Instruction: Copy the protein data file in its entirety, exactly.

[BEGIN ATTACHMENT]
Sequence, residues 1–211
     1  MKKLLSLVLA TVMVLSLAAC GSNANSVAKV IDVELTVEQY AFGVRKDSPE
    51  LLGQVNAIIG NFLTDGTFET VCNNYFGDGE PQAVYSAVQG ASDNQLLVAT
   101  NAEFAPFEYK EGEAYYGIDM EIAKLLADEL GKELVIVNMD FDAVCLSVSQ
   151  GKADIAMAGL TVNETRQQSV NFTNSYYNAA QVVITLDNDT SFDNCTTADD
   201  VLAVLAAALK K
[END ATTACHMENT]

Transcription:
Sequence, residues 1–211
     1  MKKLLSLVLA TVMVLSLAAC GSNANSVAKV IDVELTVEQY AFGVRKDSPE
    51  LLGQVNAIIG NFLTDGTFET VCNNYFGDGE PQAVYSAVQG ASDNQLLVAT
   101  NAEFAPFEYK EGEAYYGIDM EIAKLLADEL GKELVIVNMD FDAVCLSVSQ
   151  GKADIAMAGL TVNETRQQSV NFTNSYYNAA QVVITLDNDT SFDNCTTADD
   201  VLAVLAAALK K